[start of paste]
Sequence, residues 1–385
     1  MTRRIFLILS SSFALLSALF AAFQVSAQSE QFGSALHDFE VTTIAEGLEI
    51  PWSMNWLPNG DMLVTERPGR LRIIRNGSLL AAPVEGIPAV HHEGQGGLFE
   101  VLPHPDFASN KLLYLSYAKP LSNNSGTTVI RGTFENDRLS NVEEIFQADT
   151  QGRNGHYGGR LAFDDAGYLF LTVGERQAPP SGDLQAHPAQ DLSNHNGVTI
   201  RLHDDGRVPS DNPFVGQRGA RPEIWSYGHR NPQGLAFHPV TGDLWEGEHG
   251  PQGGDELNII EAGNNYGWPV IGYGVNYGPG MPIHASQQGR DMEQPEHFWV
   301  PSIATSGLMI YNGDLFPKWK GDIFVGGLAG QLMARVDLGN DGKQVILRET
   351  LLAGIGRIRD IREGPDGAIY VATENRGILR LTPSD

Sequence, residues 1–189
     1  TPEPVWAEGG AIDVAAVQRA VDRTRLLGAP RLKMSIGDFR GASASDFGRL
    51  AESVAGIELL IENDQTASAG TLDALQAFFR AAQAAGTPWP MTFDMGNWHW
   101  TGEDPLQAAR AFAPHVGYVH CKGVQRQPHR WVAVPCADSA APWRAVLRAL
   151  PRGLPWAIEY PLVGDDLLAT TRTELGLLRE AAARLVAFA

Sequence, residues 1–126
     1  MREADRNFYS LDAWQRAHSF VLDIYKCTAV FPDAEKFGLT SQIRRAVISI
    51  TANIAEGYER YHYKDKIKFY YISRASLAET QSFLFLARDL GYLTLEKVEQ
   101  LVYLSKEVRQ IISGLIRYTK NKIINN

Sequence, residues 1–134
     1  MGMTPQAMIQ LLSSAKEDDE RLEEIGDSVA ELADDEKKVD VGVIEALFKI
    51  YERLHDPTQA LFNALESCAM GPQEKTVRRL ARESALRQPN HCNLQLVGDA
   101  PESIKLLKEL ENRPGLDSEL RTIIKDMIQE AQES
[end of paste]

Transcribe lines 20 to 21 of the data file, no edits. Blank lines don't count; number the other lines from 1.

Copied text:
     1  MGMTPQAMIQ LLSSAKEDDE RLEEIGDSVA ELADDEKKVD VGVIEALFKI
    51  YERLHDPTQA LFNALESCAM GPQEKTVRRL ARESALRQPN HCNLQLVGDA